Cite This Page:

University of Connecticut Health Center. "How ticks transmit Lyme disease to humans: Imaging technique leads to better understanding." ScienceDaily. ScienceDaily, 17 November 2009. <www.sciencedaily.com/releases/2009/11/091116180134.htm>.
University of Connecticut Health Center. (2009, November 17). How ticks transmit Lyme disease to humans: Imaging technique leads to better understanding. ScienceDaily. Retrieved November 28, 2014 from www.sciencedaily.com/releases/2009/11/091116180134.htm
University of Connecticut Health Center. "How ticks transmit Lyme disease to humans: Imaging technique leads to better understanding." ScienceDaily. www.sciencedaily.com/releases/2009/11/091116180134.htm (accessed November 28, 2014).

Share This


More From ScienceDaily



More Health & Medicine News

Friday, November 28, 2014

Featured Research

from universities, journals, and other organizations


Featured Videos

from AP, Reuters, AFP, and other news services

Rural India's Low-Cost Sanitary Pad Revolution

Rural India's Low-Cost Sanitary Pad Revolution

AFP (Nov. 28, 2014) — One man hopes his invention -– a machine that produces cheap sanitary pads –- will help empower Indian women. Duration: 01:51 Video provided by AFP
Powered by NewsLook.com
Research on Bats Could Help Develop Drugs Against Ebola

Research on Bats Could Help Develop Drugs Against Ebola

AFP (Nov. 28, 2014) — In Africa's only biosafety level 4 laboratory, scientists have been carrying out experiments on bats to understand how virus like Ebola are being transmitted, and how some of them resist to it. Duration: 01:18 Video provided by AFP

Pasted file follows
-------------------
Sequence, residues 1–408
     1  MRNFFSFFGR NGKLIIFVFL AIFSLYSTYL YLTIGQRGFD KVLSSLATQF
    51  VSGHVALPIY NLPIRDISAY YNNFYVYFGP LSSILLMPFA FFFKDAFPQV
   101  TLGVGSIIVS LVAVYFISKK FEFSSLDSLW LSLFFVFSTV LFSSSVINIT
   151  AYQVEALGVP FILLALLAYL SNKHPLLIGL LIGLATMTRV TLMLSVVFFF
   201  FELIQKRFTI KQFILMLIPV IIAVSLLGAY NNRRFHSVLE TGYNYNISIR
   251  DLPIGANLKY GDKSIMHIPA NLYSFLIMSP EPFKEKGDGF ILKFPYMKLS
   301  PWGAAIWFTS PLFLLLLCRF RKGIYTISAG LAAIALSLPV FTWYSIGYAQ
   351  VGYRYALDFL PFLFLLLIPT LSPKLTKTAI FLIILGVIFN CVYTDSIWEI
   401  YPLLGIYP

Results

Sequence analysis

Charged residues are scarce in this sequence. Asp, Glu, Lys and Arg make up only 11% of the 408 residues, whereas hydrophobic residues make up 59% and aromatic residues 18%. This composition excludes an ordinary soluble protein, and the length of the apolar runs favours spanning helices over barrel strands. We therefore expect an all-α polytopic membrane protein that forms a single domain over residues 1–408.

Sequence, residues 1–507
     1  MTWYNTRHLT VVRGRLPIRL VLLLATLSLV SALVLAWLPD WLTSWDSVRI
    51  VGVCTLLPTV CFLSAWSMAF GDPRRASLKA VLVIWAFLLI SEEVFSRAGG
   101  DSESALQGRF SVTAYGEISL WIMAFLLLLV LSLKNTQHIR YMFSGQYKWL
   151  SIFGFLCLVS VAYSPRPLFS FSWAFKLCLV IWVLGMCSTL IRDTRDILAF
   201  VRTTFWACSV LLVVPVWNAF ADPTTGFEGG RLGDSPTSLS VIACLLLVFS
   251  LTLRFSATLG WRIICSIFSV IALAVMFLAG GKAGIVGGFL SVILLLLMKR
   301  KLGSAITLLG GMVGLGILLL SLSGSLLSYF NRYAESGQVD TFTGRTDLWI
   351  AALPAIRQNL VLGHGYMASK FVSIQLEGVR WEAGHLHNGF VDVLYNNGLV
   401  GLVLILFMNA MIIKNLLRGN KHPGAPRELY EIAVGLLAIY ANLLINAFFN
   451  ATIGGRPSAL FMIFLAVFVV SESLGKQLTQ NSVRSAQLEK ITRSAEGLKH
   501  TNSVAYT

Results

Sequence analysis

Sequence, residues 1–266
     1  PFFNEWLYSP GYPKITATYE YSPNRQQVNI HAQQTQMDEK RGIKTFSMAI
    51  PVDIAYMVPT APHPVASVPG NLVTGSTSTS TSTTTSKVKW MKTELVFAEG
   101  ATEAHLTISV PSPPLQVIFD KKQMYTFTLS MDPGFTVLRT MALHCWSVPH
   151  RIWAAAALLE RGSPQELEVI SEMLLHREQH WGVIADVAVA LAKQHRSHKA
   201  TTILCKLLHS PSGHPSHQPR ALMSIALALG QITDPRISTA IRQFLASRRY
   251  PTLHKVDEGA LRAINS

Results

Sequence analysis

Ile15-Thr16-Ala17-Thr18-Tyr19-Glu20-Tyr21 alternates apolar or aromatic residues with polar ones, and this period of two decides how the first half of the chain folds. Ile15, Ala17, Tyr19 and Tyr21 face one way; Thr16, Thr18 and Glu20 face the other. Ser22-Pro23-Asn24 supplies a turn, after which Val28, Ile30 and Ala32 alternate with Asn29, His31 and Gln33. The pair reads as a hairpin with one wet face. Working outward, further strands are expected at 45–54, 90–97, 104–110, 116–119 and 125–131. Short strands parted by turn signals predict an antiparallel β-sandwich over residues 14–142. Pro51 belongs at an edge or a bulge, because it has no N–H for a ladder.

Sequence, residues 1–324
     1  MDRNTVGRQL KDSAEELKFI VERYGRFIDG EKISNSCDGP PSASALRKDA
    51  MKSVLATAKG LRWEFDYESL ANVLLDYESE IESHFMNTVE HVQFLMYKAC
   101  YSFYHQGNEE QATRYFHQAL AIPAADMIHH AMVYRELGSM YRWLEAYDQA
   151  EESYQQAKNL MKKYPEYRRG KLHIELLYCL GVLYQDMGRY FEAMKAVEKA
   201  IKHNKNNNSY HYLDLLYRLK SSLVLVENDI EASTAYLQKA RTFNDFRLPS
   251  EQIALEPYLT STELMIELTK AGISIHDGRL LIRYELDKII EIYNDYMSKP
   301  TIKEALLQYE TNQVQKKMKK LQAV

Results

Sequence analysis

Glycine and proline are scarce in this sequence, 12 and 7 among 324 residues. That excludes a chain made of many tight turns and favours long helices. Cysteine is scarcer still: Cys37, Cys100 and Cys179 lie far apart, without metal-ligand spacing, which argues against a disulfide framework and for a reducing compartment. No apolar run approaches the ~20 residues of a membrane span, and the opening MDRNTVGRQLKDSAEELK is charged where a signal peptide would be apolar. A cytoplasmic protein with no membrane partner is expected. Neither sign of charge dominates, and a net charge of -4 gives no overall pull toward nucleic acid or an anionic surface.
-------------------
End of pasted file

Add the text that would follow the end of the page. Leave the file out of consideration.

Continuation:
Powered by NewsLook.com
WHO Says Male Ebola Survivors Should Abstain From Sex

WHO Says Male Ebola Survivors Should Abstain From Sex

Newsy (Nov. 28, 2014) — WHO cites four studies that say Ebola can still be detected in semen up to 82 days after the onset of symptoms. Video provided by Newsy
Powered by NewsLook.com
Ebola Leaves Orphans Alone in Sierra Leone

Ebola Leaves Orphans Alone in Sierra Leone

AFP (Nov. 27, 2014) — The Ebola epidemic sweeping Sierra Leone is having a profound effect on the country's children, many of whom have been left without any family members to support them. Duration: 01:02 Video provided by AFP
Powered by NewsLook.com

Search ScienceDaily

Number of stories in archives: 140,361

Find with keyword(s):
 
Enter a keyword or phrase to search ScienceDaily for related topics and research stories.

Save/Print:
Share:  

Breaking News:

Strange & Offbeat Stories

 

Health & Medicine

Mind & Brain

Living & Well

In Other News

... from NewsDaily.com

Science News

Health News

Environment News

Technology News



Save/Print:
Share:  

Free Subscriptions


Get the latest science news with ScienceDaily's free email newsletters, updated daily and weekly. Or view hourly updated newsfeeds in your RSS reader:

Get Social & Mobile


Keep up to date with the latest news from ScienceDaily via social networks and mobile apps:

Have Feedback?


Tell us what you think of ScienceDaily -- we welcome both positive and negative comments. Have any problems using the site? Questions?
Mobile iPhone Android Web
Follow Facebook Twitter Google+
Subscribe RSS Feeds Email Newsletters
Latest Headlines Health & Medicine Mind & Brain Space & Time Matter & Energy Computers & Math Plants & Animals Earth & Climate Fossils & Ruins